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The Jackie Gleason Show (comedy variety)

    (CBS Primetime, 1952 - 1966 as "The Jackie Gleason Show";
     CBS Saturday Nights, 1962 - 1966 as "Jackie Gleason and
                                 his American Scene Magazine";
     CBS Primetime, 1966 - 1970 as "The Jackie Gleason Show")

    [The show was one of the classics of television, which was
     broadcast live from New York from 1952 - 1966 when the
     show moved to Miami Beach for the remainder of its run;

     See also "The Honeymooners", a sketch which was spunoff
     into its own series in 1955.]


Main & End Title Theme : "Melancholy Serenade"

    [Although Gleason could not read music, arranger Pete
     King worked with Gleason to transcribe his melodies,
     and arrange them for orchestra.]

     Composers: music by Jackie Gleason (ASCAP)
               [professional name of Herman John Gleason, Jr.], and
                lyrics added by Duke Enston (ASCAP)
               [professional name of George Engstrom (1903 - )]

     Original Publisher: JaGlea Music Co. (ASCAP)
                            of New York, NY

     1978 Publisher: Songsmiths, Inc. (ASCAP)

     1997 Publisher: Songsmiths Company (ASCAP)

     Unpublished Copyright Date: Nov. 10, 1952; Eu 293 992.
     Unpublished Renewal   Date: Jan.  4, 1980; RE- 53-044.

    [published piano arrangement]:
     Published Copyright Date: Mar. 27, 1953; EP 70 746.
     Published Renewal   Date: Jan.  5; 1981; RE-90-612.

     Recordings:


"And...awaa-aay we go..." bridge theme: "That's-a Plenty"

    [There was used as a short instrumental bridge which was 
     traditionally played by Sammy Spear and the orchestra at the
     end of Gleason's opening monologue, as he introduced the
     comedy skit portion of the show using his famous line, 
     "And....Awaa-aay We Go"]

     Composers: music by Bert A. Williams (ASCAP), with
                lyrics by Henry Creamer (ASCAP)

     Orig. Publisher: Jerry Vogel Music Co., Inc. (ASCAP)

     1997 Publisher: [now in the Public Domain]

     Composition Date: 1909, according to "Who Wrote That Song"
                          reference book by Dick Jacobs
     Copyright Date:
     Renewal   Date:

     Recordings


"A little traveling music..." Bridge theme: "The Gleason Glide"

    [There was used as a short instrumental bridge theme which was 
     traditionally played by Sammy Spear and the orchestra whenever
     Jackie Gleason said "A little traveling music please..." and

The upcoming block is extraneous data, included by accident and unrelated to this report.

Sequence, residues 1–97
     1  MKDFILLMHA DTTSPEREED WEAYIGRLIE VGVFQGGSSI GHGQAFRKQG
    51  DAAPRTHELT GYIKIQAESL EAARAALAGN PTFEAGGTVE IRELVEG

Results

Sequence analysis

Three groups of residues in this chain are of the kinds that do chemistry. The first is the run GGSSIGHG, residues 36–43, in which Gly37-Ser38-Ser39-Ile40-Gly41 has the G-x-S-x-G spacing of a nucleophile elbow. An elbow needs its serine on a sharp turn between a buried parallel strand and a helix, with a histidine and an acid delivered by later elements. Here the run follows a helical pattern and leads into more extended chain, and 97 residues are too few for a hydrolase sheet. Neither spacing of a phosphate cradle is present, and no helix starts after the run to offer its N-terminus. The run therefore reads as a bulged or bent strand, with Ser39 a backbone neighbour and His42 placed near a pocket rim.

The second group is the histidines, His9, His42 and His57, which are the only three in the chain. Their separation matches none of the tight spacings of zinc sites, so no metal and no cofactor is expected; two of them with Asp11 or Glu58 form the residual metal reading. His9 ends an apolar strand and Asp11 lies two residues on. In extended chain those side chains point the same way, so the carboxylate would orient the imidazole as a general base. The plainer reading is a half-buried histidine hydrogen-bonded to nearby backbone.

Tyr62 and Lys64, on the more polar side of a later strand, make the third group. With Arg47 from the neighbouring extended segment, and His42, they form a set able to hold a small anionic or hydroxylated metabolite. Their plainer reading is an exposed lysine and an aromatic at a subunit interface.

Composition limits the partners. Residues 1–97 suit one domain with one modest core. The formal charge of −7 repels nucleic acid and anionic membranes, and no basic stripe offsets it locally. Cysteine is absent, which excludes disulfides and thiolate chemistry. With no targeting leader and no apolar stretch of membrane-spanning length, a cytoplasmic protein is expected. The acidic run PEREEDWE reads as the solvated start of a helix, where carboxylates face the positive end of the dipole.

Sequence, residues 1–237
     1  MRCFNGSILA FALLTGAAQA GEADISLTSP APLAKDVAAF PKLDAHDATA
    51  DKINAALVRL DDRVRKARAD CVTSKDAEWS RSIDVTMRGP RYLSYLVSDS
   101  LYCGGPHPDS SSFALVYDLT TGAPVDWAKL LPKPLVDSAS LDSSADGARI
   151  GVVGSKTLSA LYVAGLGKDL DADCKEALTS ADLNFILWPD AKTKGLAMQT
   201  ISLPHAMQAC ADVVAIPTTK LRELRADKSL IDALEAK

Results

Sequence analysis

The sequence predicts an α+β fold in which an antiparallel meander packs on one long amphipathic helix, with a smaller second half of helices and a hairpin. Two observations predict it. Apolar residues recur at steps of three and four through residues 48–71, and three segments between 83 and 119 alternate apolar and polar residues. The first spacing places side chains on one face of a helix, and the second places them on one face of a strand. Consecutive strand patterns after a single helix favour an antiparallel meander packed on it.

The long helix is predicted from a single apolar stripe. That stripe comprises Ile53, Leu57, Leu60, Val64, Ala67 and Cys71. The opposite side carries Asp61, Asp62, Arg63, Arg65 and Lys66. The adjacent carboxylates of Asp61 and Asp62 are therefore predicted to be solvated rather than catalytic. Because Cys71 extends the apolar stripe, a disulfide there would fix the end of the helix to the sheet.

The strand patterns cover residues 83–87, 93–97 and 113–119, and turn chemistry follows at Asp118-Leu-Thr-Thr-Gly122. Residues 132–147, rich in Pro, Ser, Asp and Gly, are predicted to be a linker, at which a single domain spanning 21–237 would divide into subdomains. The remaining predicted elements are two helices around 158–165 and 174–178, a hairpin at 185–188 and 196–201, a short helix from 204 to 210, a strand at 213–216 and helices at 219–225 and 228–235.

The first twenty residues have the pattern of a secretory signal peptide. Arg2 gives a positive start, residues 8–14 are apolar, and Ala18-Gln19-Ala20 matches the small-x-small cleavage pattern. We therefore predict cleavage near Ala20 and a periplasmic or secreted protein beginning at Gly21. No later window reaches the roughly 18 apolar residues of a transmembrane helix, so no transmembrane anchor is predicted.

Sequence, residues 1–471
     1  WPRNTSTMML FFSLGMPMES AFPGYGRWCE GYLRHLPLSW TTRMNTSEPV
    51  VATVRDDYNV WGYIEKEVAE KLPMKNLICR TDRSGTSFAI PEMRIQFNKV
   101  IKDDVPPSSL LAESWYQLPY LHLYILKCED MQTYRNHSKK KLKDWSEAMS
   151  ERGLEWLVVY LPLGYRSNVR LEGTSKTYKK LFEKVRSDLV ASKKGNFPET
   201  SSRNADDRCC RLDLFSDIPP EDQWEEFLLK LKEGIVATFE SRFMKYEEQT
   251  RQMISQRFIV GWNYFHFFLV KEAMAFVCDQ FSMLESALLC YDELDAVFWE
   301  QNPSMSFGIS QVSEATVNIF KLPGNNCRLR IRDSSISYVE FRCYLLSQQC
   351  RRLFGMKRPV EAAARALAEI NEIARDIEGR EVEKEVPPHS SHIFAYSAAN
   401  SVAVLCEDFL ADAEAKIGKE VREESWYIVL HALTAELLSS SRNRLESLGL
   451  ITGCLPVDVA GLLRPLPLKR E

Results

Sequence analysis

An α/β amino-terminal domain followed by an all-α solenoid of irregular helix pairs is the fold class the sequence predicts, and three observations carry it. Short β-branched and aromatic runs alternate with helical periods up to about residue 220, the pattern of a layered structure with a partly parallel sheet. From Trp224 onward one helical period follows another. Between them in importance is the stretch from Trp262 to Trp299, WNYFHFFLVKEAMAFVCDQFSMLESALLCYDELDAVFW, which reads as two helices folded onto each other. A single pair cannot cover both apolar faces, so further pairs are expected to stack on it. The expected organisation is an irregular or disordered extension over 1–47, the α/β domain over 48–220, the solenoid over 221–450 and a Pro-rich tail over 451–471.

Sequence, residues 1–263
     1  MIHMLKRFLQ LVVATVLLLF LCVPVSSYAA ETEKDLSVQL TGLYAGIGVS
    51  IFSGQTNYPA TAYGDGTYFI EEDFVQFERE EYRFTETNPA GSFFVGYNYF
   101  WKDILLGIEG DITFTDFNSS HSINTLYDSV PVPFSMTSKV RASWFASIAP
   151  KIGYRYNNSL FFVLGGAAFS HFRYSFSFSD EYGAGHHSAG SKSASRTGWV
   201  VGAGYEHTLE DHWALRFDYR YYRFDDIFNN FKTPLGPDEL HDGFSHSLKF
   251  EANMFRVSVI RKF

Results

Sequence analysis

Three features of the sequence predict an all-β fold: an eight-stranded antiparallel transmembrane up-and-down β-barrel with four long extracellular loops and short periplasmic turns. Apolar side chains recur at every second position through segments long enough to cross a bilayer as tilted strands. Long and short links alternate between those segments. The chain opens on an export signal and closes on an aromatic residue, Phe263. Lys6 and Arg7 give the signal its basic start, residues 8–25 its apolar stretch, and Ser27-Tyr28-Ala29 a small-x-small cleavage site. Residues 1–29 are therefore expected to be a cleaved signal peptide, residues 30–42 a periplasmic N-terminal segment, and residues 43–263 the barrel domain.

made an exit, gliding off the stage with his wrists 
     outstretched like wings.]

     Composers: Benjamin ("Benny") Davis (ASCAP),
                Jackie Gleason (ASCAP)
            [professional name of Herman John Gleason, Jr.], and
                Murray Mencher (ASCAP)

     1978 Publisher: Songsmiths, Inc. (ASCAP)

     1997 Publisher: Songsmiths Company (ASCAP)

     Copyright Date:
     Renewal   Date:

     Recordings


Skit Theme: "La-la-la-la-la-la-la-la"

    [above is title as originally filed for copyright;
     aka: "La la la la la la la la la";

     There was an instrumental "soft shoe" tune used
     since 1962 for underscoring various comedy skits]

     Composer: Jackie Gleason (ASCAP)
            [professional name of Herman John Gleason, Jr.]

     Original Publisher: Songsmiths, Inc. (ASCAP)

     1997 Publisher: Songsmiths Company (ASCAP)

    [original arrangement as "La-la-la-la-la-la-la-la"]:
     Unpublished Copyright Date: Jan. 3, 1963; Eu 751 348.
     Unpublished Renewal   Date: Jan. 7, 1991; RE-516-701.

    [new arrangement as "La, la, la, la, la, la, la, la"]:
     Published Copyright Date: Apr. 1, 1963; EP 174 069.
     Published Renewal   Date: Jan. 7, 1991; RE-516-755.

     Recordings:


Skit Theme: "It's Such a Happy Day"

    [There was another instrumental "soft shoe" tune used
     since 1962 for underscoring various comedy skits]

     Composer: Jackie Gleason (ASCAP)
            [professional name of Herman John Gleason, Jr.]

     Original Publisher: Songsmiths, Inc. (ASCAP)

     1997 Publisher: Songsmiths Company (ASCAP)

     Copyright Date: Apr. 1, 1963; EP 174 068.
     Renewal   Date: Jan. 7, 1991; RE-516-754.

     Recordings


The Honeymooners segment theme: "You're My Greatest Love"

    [The Honeymooners segment with Art Carney and Audrey
     Meadows joining Gleason, appeared on "The Jackie Gleason
     Show". Usually it was the last half hour. Then in 1955, 
     it was spun off into it's own series, filmed before a 
     live audience, and into syndication history;

     Although Gleason could not read music, arranger Pete
     King worked with Gleason to transcribe his melodies,
     and arrange them for orchestra]

     Composer: music by Jackie Gleason (ASCAP)
              [professional name of Herman John Gleason, Jr.], with
               lyric added by Bill Templeton (ASCAP)

     Original Publisher: Songsmiths, Inc. (ASCAP)

     1997 Publisher: Songsmiths Company (ASCAP)

     Copyright Date: Oct. 24, 1955; EP  93 814.
     Renewal   Date: Jan. 11, 1983; RE-166-357.